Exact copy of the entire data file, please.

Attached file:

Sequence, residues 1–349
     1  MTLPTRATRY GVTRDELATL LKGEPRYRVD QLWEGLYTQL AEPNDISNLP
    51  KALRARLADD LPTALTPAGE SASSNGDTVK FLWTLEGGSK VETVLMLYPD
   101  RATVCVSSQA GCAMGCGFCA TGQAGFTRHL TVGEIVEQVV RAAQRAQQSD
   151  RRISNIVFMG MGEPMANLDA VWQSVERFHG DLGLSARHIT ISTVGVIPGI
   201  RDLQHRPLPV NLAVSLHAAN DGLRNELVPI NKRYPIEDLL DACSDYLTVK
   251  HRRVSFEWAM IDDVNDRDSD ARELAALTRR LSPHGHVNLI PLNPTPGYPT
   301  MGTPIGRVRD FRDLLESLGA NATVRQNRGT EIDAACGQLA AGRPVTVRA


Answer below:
Sequence, residues 1–349
     1  MTLPTRATRY GVTRDELATL LKGEPRYRVD QLWEGLYTQL AEPNDISNLP
    51  KALRARLADD LPTALTPAGE SASSNGDTVK FLWTLEGGSK VETVLMLYPD
   101  RATVCVSSQA GCAMGCGFCA TGQAGFTRHL TVGEIVEQVV RAAQRAQQSD
   151  RRISNIVFMG MGEPMANLDA VWQSVERFHG DLGLSARHIT ISTVGVIPGI
   201  RDLQHRPLPV NLAVSLHAAN DGLRNELVPI NKRYPIEDLL DACSDYLTVK
   251  HRRVSFEWAM IDDVNDRDSD ARELAALTRR LSPHGHVNLI PLNPTPGYPT
   301  MGTPIGRVRD FRDLLESLGA NATVRQNRGT EIDAACGQLA AGRPVTVRA